Interwaste, Unilever’s waste management service provider, today announced that the business is the first waste management company in the country to achieve zero non-hazardous waste (ZNHW) to landfill for one of its clients.
“It is not only important to reduce waste to contribute to a greener, healthier environment, but the way in which this waste is managed is an important matter. Therefore, it is becoming critical for organisations to deploy a solid waste management solution to meet the business’ waste reduction strategies,” says Sandeep Desai, vice president of manufacturing at Unilever.
With Johannesburg having committed to the Polokwane Declaration that pledges zero waste to landfill by 2022, a very strong benchmark has been set for businesses in the province – and the country as a whole – to start focusing on responsible and innovative waste management tactics.
“At Interwaste, we take this declaration seriously and continuously innovate to ensure we are first to market with new waste reduction strategies. This is exactly what we did with Unilever, where we were appointed by the company in August 2014, with the aim of achieving a ZNHW to landfill status by December 2014,” says Jason McNeil, group sales director at Interwaste.
“We are very proud that we have reached this huge milestone, another first for the business. However, just as critical is the impact this achievement will have on today’s environmentally strained economy, as it demonstrates that the business sector is able to achieve results even within rapidly changing legislation.”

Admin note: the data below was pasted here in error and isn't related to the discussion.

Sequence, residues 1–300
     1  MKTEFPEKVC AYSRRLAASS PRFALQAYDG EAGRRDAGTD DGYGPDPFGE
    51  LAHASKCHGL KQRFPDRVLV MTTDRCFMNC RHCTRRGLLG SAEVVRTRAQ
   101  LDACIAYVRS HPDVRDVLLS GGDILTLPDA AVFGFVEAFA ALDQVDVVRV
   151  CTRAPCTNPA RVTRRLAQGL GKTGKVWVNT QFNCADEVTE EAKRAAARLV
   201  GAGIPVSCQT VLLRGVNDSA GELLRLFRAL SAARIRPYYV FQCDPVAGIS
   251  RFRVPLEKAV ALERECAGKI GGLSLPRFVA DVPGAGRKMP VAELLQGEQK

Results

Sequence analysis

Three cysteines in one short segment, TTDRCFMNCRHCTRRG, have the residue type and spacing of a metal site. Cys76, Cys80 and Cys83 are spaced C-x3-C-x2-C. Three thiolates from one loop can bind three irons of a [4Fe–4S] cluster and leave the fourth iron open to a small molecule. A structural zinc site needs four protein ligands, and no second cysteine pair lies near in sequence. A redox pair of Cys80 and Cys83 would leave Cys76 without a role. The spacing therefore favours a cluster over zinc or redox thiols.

Unilever South Africa has a total of five sites within the country, all of which had to reach the ZNHW to landfill target. As a result, Interwaste undertook a two-phased approach to fulfil the objective within the designated time-frame, while keeping best practice at the forefront of the project.
“Through this, Interwaste restructured all existing systems to facilitate a holistic approach and understanding when it came to the non-hazardous waste,” adds McNeil. “This meant ensuring the removal of previously stored waste, as well as undertaking the correct destruction of this waste. It was this approach that allowed us to ensure that two of the sites achieved ZNHW to landfill by October, two months earlier than the required deadline.”
Furthermore, Interwaste installed machinery which facilitated the breakdown and segregation of waste at its original source, prevented the cross contamination of wet and dry waste. These solutions assisted with a month-on-month increase of resource recovery from 74% to 83% between September and October 2014.
Says Desai; “As a global business, it is imperative that we are active in managing our environmental footprint in the most effective and innovative way possible. The ZNHW to landfill achievement certainly demonstrates our leadership role within the sector and sets a benchmark for other corporate companies to follow suit. Interwaste played a crucial role in helping us attain this status. Their innovative methods in waste management, at all levels, as well as professional and timely service delivery, ensured all deadlines and objectives were correctly met.”
Ben Shepherd, National Sales Manager at Interwaste, and project lead for Unilever’s waste management project says: “This is a South African first for waste management.”
“If a company with the magnitude of Unilever is able to do this, I have no doubt that the Interwaste team is able to find alternative solutions for any business, no matter their scale or focus.”
As a result of this success, an additional two Unilever sites will be commissioned in Johannesburg later this year, both of which will commence with a ZNHW to landfill solution.
McNeil concludes; “Corporate South Africa needs to realise, that the time to take action is now! Legal framework with regards to landfills and waste are rapidly changing and in a very short space of time, zero-waste to landfill will become a mandatory responsibility for every company.”